For this particular kind of piece, the zinc thickness needs to be over 100 µm (microns). In those black spots, the zinc thickness is about 30 µm and, after brushing with a wire brush, we could see the steel.

We found out that the inhibitor we were using may present a problem to the process because we needed to spend more time in the pickling solution. We stopped using the inhibitor and the black spots appeared less but it's still a constant problem in our line. We're facing about 1% of rework everyday because of this problem!

I hope you can help me with your advice.


Daniel Athayde [returning]
- Belo Horizonte, Brazil

June 4, 2013

A. Given that these are now established as being bare patches with little or no zinc cover, then I suggest this is a problem with too short an immersion time in acid.
Do you use hydrochloric or sulphuric?

Not every part cleans at the same rate, and when the operator is too enthusiastic, and gets the job out of the acid too quickly, some parts will be still covered with oxides.

You do a trial by extending the time in acid by say 25%, for identified parts / jigs, and see what happens. If no improvement try +50%.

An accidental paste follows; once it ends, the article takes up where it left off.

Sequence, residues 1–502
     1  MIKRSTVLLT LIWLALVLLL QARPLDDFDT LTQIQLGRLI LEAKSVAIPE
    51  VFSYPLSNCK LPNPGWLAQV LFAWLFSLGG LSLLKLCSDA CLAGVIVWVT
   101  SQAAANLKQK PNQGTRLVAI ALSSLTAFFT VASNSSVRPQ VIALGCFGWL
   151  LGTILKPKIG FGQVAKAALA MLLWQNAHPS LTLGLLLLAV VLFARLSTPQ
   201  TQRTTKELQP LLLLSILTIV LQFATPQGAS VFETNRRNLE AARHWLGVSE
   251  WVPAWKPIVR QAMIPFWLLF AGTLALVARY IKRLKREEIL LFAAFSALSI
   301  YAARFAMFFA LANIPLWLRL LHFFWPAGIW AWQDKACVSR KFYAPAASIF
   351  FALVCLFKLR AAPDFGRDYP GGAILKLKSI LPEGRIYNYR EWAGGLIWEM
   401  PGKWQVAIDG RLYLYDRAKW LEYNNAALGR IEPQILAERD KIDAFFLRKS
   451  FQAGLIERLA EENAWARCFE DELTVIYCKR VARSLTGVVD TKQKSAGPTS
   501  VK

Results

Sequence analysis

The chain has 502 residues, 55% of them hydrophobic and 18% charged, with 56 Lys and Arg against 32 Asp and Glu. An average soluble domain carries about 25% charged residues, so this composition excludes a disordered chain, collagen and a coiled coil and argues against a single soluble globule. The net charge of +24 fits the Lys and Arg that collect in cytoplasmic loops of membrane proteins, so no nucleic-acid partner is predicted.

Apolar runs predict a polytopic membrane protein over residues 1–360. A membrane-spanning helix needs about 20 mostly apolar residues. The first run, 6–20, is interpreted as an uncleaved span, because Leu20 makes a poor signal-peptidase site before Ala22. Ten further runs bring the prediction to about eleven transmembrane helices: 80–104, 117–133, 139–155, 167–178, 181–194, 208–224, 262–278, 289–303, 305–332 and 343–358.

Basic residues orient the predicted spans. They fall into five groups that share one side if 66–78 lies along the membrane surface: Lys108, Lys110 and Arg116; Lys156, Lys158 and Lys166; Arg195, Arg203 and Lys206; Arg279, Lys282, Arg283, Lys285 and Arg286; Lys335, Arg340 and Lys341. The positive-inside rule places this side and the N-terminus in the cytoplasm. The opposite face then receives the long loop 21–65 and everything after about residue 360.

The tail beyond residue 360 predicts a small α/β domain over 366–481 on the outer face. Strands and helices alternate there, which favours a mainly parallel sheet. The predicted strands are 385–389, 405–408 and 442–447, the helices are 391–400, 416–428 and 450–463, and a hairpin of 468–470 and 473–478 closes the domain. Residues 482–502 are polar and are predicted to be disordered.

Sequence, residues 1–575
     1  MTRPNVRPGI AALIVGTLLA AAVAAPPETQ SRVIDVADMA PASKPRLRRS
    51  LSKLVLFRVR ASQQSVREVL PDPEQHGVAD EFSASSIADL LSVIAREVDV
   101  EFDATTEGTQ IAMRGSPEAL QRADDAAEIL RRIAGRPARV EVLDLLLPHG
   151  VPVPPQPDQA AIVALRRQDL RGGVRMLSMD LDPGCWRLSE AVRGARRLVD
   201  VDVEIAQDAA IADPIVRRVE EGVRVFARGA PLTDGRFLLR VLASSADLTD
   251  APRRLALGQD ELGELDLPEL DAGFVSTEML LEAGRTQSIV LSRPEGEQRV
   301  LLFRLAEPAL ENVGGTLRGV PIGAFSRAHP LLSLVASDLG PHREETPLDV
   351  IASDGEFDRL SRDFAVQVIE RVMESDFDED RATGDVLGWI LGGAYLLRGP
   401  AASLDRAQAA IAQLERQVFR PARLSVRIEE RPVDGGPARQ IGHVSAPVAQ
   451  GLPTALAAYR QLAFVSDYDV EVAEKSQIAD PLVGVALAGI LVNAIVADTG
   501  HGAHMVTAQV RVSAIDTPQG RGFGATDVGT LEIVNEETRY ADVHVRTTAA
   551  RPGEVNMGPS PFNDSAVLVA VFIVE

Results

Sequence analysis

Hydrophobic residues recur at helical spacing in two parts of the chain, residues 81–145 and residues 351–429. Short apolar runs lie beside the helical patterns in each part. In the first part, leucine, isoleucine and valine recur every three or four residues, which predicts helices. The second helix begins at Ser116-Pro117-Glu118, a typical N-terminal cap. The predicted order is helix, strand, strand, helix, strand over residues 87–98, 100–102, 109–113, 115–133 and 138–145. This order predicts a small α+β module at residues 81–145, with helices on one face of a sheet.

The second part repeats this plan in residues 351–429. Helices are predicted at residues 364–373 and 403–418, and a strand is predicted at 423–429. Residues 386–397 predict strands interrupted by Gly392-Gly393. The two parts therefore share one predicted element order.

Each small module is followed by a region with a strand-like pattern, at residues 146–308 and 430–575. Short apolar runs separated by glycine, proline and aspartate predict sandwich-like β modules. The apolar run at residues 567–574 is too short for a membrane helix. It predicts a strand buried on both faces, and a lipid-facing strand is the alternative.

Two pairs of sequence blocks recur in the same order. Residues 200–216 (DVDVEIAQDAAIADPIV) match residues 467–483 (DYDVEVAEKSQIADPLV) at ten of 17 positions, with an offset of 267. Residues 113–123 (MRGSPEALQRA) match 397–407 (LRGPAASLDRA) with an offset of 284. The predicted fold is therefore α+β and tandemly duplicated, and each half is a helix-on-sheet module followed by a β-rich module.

This simple test will check if this theory is right. If wrong, then we need to think again.

Geoff Crowley
Geoff Crowley
galvanizing & powder coating shop
Glasgow, Scotland

June 14, 2013

A. I believe you have a pickling problem. This could be from a multitude of things such as weak acid, high iron, too much inhibitor, contaminants on steel (such as oil, paint), too short dwell time in acid, poor racking,etc. I would take a batch aside in between acid rinse and flux that your pickle crew thinks is ready and look for spots. I suspect there will be areas un-pickled very similar to the post galvanizing problems you are having. You may very well have a flux issue as well, but I suspect pickling to be the bigger issue for this. always remember that the steel won't galvanize if it isn't pickled.

Angle iron like the ones in the photo should be able to pickle easily in 30 minutes. A good check-up of chemistries throughout your entire pickling/fluxing process should be done.

David Jaye
Houston, Texas

July 8, 2013

Q. Dear Geoff and David,

We solved the problem. It was the inhibitor that caused the problem, because the pickling rate was too slow. Only by stop using the inhibitor this kind of problem stopped.

My goal now is to make a research of the best inhibitor concentration in a way that we don't compromise the process and still maintain the inhibitor advantages.

One question about pickling time. I set up an experiment where I measured the speed of the reaction between the steel and the acid, but I don't believe the reaction speed is the same of the reaction between the acid and the rust!

So, is there a way to measure the reaction rate between the acid and the rust or, in other words, the speed that the acid clean the surface of the steel? Or the only way is visually?

Thanks for your help!

Daniel Athayde [returning]
- Belo Horizonte, Brazil